The likelihood of playing a shortened 2020 MLB season without fans in attendance is prompting Major League clubs to explore the sale of tarp advertising on empty seats, according to industry sources.
The move would help make up a percentage of the millions of dollars in ticket and in-stadium revenue to be lost this season. MLB owners say they’ll lose an average of $640,000 per game in 2020 assuming players earn prorated salaries, USA Today reported. In 2019, 11% of the league’s entire revenue was generated by sponsorships.
The Cincinnati Reds are reportedly one MLB team currently working with data and measurement firm Nielsen to price out the inventory. The Reds declined to comment on the team’s sponsorship opportunities.
At the league level, MLB is also exploring selling advertising around tarped seats. However, MLB is not in active communication with Nielsen, league sources said. The strategy is also just one of many options MLB is considering as a means to generate additional revenue this season.
The same can be said for Nielsen itself, which in an email confirmed the company is working with multiple professional leagues and teams to explore new opportunities that can generate revenue amid unique circumstances.
“It’s even more critical that we evaluate new opportunities to help our clients adjust to this new normal,” a Nielsen Sports spokesperson said. “While we haven’t formally launched a new service, we are exploring several new concepts designed to help our clients extract replacement value once games restart without fans in stadiums and ballparks.”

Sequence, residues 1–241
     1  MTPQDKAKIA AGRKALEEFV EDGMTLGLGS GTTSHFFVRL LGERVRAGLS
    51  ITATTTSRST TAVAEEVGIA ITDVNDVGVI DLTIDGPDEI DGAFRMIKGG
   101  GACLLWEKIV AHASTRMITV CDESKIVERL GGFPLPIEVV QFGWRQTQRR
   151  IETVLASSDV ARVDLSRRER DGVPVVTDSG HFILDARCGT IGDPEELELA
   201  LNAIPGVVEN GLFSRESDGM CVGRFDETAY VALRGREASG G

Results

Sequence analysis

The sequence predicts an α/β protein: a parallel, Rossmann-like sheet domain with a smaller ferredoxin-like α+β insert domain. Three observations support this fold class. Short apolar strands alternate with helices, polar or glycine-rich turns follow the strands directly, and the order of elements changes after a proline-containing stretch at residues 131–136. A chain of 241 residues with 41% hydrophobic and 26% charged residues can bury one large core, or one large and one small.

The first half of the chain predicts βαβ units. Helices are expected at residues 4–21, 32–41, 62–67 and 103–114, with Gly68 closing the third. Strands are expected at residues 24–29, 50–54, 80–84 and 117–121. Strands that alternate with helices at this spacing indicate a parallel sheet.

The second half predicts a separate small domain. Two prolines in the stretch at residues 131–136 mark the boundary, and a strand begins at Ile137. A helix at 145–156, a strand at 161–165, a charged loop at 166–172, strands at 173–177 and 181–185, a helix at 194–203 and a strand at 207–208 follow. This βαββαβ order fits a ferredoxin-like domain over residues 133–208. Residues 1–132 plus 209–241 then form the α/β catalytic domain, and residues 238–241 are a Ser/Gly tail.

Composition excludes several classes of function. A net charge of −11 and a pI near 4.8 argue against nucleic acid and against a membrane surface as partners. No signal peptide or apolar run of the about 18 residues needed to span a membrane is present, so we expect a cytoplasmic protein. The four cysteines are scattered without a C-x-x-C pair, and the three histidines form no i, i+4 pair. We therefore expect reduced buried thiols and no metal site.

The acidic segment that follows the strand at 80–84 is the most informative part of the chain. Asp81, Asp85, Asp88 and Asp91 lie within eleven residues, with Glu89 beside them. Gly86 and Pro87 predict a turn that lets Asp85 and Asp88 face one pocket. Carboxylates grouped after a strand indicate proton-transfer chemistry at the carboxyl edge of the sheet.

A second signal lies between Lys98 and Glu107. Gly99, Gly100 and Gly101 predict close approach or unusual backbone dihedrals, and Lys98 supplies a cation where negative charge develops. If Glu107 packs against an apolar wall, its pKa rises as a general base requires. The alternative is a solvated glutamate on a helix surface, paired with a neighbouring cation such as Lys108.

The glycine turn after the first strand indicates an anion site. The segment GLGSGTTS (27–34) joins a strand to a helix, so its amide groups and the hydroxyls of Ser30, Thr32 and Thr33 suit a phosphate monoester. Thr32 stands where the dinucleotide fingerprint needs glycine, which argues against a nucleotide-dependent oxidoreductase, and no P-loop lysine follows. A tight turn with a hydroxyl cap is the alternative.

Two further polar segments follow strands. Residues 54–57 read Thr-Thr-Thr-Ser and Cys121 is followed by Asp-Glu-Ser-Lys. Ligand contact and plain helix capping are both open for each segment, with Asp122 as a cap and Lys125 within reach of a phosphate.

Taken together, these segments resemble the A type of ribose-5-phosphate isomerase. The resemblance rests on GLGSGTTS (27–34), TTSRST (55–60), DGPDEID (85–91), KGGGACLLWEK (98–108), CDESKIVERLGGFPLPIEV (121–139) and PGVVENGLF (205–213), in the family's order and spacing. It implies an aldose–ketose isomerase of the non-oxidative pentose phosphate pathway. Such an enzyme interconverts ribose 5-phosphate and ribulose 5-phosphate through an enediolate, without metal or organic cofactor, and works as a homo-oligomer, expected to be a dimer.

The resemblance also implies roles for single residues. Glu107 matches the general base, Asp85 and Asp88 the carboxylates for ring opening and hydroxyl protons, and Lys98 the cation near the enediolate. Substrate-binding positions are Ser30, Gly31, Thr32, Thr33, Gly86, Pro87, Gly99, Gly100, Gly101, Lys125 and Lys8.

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Allowing for the placement of logos on tarps is not a new practice, at least for MLB teams. Brands including Reynolds Wrap, Glad, Bounty, and Skittles all advertised on on-field tarps during rain delays in the 2017 season, according to AdAge. The New York Yankees, Chicago Cubs, and Cincinnati Reds are some notable teams that made ad inventory on field tarps available to sponsors.
MLB teams have already gotten creative in offering static advertising by utilizing the real estate around ballparks, including in dugouts, bullpen areas, and outfield walls.
Assuming teams are able to play out the 2020 season in their own stadiums, many brands would have already secured inventory for television-visible signage. This would present tarp advertising as a more lucrative branding opportunity for new buyers.
“My only concern is clutter and broadcast angles,” Steve McNelley, senior vice president of consulting at marketing firm rEvolution, said. “How will different teams, entities, and venues make sure that those signs appear on television?”
Existing ad buyers may want to double up on TV signage without fans in attendance, McNelley said. The strategy would garner plenty of impressions, even if the normal interactions with fans in-stadium will be missing.
But some brands may want to spend extra dollars on digital and social media – or even on broadcasts themselves to reach consumers.
“If your objective is not branding. Then I think that you have a lot of questions to answer around whether tarp signage is of value,” McNelley said. “I should say that It’ll be hard for both the brands and the teams to put a value against those assets until we fully understand the new broadcast landscape. Without fans in seats, for example, does that change anything with camera angles or linear versus streaming options?”